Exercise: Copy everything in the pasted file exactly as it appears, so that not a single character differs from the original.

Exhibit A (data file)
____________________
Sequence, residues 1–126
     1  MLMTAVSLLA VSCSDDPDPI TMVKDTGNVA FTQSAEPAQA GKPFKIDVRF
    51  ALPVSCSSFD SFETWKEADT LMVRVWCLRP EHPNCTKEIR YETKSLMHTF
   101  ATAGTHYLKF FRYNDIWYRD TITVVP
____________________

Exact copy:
Sequence, residues 1–126
     1  MLMTAVSLLA VSCSDDPDPI TMVKDTGNVA FTQSAEPAQA GKPFKIDVRF
    51  ALPVSCSSFD SFETWKEADT LMVRVWCLRP EHPNCTKEIR YETKSLMHTF
   101  ATAGTHYLKF FRYNDIWYRD TITVVP